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The males from the day olds generally ended up being minced, etc and it limits you breed wise. I have dual purpose rare breed which are good eating so the boys go in the pot at 6 months. They have a lovely free range life until then!
Personally I'd go for a good productive rare breed for hatching, otherwise ex commercials.
They should hatch more or less bang on 21 days in an incubator. I do find they take a little longer under a hen sometimes if they don't sit straight away - they sometimes lay a clutch over a few days before incubation starts so the chicks hatch together. Postal eggs usually have a lower hatch rate but I've had good success with them. I have a closed flock so new blood is only via hatching eggs.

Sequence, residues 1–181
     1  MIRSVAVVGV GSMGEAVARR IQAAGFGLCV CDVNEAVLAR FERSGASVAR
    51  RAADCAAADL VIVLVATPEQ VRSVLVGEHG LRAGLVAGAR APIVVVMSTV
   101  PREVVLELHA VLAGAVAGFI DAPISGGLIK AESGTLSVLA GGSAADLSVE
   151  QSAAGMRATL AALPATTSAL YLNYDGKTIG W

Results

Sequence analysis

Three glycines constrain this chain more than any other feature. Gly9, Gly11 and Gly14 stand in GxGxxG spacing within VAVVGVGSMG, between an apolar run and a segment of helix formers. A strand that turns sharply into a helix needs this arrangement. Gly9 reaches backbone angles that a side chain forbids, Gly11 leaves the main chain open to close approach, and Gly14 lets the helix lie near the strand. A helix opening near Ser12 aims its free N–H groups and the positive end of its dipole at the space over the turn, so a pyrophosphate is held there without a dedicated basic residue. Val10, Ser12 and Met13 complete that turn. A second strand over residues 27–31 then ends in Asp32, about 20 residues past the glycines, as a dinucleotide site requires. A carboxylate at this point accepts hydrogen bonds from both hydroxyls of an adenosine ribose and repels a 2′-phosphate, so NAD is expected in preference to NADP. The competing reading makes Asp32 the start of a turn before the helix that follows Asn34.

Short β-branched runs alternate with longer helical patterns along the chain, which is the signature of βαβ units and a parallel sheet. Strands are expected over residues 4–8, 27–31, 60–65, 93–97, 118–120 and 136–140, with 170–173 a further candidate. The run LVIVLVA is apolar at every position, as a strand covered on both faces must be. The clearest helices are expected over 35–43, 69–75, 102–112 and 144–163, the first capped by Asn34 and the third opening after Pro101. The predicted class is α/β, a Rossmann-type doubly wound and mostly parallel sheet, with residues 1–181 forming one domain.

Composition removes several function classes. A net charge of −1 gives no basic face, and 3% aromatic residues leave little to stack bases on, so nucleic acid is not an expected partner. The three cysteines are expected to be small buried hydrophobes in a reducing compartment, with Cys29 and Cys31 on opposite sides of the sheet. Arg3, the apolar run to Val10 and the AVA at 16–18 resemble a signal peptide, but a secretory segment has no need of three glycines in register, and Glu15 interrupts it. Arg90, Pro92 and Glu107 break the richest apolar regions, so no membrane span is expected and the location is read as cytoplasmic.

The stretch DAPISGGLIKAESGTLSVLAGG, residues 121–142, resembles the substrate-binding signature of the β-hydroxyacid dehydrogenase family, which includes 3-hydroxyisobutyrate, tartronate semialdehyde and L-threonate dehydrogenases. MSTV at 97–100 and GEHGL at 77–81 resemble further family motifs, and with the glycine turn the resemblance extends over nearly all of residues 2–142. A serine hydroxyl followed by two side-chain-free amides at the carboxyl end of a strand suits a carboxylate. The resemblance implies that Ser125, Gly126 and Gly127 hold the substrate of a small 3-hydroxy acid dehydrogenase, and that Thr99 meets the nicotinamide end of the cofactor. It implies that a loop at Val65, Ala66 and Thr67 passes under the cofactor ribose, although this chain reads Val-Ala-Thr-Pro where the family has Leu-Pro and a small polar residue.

Never "help" them to hatch. If the humidity is right they'll do it by themselves. If they can't then they're generally not strong enough for whatever reason. You can easily kill or maim them by assisting the hatch. I've been given several splayed legged chickens over the years, all caused by people interfering with the hatch. One poor boy couldn't even stand so he was despatched.
 
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Clodagh

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I hatch less and less now as I hate culling. Who am I to play God and take a life because it's a male?
Totally agree with Nudibranch, when I started hatching I assisted chicks and you end up with disabilities and going forward a weak genetic pool.